Stanford University

Media Mentions

Jupiter’s moon Europa may have water where life could exist, say scientists

“Liquid water near to the surface of the ice shell is a really provocative and promising place to imagine life having a shot," says Stanford Earth geophysicist Dustin Schroeder. "The idea that we could find a signature that would suggest a promising pocket of water like this might exist, I think, is very exciting." 

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World doesn't need more energy to end poverty, study says

Billions of people could be lifted out of poverty without boosting global energy consumption, according to a new Stanford study that has deep implications for climate change. 

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How much energy powers a good life? Less than you're using, says a new report

How much energy does it take to have a good and healthy life? A new study led by Earth system science professor Rob Jackson has found that the answer is far less than the average American is using.

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Where the energy link to well-being starts fraying

Human well-being is strongly tethered to energy access, but a new Stanford-led study finds high-consuming countries could scale back consumption without sacrificing health and happiness.

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Hardy new forests could keep the Austrian Alps from crumbling into landslides

Geologist George Hilley comments on the approach taken by scientists who simulated landslide risks in the Austrian Alps under various climate scenarios in order to better prepare and adapt for future landslides.  

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A U.S. oil-drilling hotspot is kicking out more methane than we thought

A new comprehensive survey by Stanford Earth's Yuanlei Chen, Evan Sherwin, and Adam Brandt shows active wells and pipelines in New Mexico are emitting methane at rates double the previous estimates.

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Exploring subduction zone geohazards on land and at sea

Stanford Earth professor George Hilley and coauthors write about a new initiative bringing together scientists to address fundamental questions about subduction zone geohazards, using the latest advances in observation technology and computational resources.

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Study: Methane leaks from U.S. oil-and-gas region worse than estimates

A Stanford-led study used sophisticated airborne imaging to analyze methane leaks on the New Mexico side of the prolific Permian Basin region. The results suggest leaks are far above the amount that nullifies the climate advantage over coal.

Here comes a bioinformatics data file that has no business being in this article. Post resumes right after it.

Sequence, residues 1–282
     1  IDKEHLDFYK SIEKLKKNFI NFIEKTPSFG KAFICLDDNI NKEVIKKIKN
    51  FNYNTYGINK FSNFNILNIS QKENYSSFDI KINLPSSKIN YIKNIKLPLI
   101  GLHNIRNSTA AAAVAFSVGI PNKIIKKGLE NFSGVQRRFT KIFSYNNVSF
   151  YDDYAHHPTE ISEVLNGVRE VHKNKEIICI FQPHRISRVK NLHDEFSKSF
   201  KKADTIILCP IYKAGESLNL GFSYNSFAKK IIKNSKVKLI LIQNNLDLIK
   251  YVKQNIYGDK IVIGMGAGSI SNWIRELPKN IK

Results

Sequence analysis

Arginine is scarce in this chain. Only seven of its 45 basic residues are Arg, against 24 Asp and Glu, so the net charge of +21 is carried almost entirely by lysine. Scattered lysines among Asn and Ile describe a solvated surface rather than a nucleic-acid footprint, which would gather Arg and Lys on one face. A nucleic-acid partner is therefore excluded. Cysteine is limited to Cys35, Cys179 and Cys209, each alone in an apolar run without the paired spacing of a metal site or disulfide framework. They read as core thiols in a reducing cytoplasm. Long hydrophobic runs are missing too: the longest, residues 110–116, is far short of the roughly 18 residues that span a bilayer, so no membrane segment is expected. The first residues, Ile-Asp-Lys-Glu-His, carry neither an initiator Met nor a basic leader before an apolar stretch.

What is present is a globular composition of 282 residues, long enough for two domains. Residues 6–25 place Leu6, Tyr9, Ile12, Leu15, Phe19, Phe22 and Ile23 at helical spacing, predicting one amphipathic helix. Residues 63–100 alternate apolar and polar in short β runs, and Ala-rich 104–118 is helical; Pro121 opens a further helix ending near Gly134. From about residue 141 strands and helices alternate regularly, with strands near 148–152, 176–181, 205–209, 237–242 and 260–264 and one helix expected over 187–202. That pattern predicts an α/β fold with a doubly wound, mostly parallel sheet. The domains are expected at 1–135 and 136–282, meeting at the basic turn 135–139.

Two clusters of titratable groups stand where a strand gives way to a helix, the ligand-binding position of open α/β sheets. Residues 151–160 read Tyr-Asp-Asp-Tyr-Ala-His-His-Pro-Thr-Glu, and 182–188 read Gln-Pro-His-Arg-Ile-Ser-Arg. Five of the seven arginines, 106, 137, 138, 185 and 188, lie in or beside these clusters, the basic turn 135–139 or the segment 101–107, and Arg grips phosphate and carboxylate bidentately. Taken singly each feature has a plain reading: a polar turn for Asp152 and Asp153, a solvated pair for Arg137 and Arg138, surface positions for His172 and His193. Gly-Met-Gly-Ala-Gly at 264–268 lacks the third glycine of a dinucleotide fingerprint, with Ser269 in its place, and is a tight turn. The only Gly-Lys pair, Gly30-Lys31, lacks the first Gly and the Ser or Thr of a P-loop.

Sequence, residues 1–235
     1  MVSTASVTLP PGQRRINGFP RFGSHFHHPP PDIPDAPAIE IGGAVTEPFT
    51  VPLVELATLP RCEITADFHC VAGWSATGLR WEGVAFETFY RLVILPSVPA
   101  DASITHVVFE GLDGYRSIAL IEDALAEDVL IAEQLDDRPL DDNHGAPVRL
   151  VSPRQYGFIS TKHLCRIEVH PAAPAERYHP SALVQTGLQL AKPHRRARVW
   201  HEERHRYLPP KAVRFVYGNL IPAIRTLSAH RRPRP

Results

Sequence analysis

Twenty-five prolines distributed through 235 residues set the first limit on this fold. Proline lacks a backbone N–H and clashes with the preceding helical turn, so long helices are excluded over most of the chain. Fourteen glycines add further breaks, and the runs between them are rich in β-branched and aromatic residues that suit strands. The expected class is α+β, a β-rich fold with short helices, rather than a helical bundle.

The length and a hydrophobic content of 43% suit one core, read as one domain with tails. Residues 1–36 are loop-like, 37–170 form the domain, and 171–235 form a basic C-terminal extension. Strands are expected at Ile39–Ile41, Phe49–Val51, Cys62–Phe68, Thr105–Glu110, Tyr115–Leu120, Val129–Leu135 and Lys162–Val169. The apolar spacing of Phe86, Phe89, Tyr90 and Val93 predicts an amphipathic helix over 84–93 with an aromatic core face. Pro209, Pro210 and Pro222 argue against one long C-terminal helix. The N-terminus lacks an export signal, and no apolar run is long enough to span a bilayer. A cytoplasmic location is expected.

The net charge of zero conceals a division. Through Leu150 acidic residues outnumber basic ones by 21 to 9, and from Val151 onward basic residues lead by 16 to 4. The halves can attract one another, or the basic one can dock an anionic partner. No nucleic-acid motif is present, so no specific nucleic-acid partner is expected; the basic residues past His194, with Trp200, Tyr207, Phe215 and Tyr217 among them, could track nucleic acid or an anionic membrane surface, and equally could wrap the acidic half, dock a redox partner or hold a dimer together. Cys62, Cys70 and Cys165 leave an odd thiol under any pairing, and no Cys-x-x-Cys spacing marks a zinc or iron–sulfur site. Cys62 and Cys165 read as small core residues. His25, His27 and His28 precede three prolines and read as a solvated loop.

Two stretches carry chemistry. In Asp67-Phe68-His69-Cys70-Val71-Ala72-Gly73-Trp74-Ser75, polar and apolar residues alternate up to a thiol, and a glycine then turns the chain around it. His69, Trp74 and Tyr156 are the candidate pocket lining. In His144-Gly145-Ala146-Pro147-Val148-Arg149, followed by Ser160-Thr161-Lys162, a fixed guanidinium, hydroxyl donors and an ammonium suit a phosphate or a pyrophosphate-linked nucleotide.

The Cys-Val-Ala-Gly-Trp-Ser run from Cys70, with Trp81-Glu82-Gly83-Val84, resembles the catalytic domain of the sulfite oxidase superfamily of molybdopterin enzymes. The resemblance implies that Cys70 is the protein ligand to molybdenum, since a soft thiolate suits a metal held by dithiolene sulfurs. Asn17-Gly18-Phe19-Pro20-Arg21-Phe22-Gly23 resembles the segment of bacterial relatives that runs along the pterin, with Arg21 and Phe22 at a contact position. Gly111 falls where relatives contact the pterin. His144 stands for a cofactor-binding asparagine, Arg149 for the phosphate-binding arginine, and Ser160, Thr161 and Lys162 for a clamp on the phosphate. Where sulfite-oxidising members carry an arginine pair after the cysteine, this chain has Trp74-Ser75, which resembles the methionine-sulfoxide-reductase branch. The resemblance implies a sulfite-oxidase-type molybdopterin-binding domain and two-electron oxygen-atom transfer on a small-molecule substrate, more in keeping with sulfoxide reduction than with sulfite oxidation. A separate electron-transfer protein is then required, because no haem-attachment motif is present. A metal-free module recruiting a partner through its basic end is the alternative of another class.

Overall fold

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Methane leaks in New Mexico far exceed current estimates, study suggests

Startlingly large amounts of methane are leaking from wells and pipelines in New Mexico, according to a new analysis of aerial data from Stanford Earth's Yuanlei Chen, Evan Sherwin and Adam Brandt. “Aerial technology found high methane emissions,” Chen said, “but can also help fix them cost effectively.”

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The deceptively simple plan to replenish California's groundwater

The state pumps too much groundwater, especially during droughts. Now it's learning to refill the overdrawn bucket. "It's the simplest math in the world," says Stanford professor Rosemary Knight.

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An effort to ease fossil-fuel reliance by digging the deepest holes on Earth

“New technologies that may enable deep drilling are exciting, but they will likely encounter surprises as they go deeper than we have been before," says Stanford geophysicist William Ellsworth.

 

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What caused the Open Habitat Transition in the West-Central U.S.?

Research by Page Chamberlain and PhD student Tyler Kukla presents a new hypothesis for the cause of a major forest dieback episode in the western U.S. It shows forests depended on winter moisture for millions of years. 

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Nuclear reactors in a war zone: A new type of weapon?

"Clearly, a nuclear reactor is not a nuclear bomb – reactors are designed to avoid runaway chain reactions," Stanford nuclear security expert Rod Ewing writes in an op-ed. But there are three vulnerabilities that can have serious consequences, he explains.

 

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What risks could fighting around nuclear sites pose?

“We are in the middle of a war with great devastation and human suffering and deaths and adding a nuclear event – even if it is minor releases of radioactivity – to the present situation, that is really a heavy burden,” says Stanford Earth professor Rod Ewing.

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Earthquake models get a shakeup with clues buried in the San Andreas fault

Stanford geologist George Hilley discusses the process and purpose of creating a computational model to demonstrate mountain formation. 

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Why methane is a large and underestimated threat to climate goals

New analysis by Rob Jackson and PhD student Sam Abernethy emphasizes that a reduction in global methane emissions is critical to meeting short-term climate targets. 

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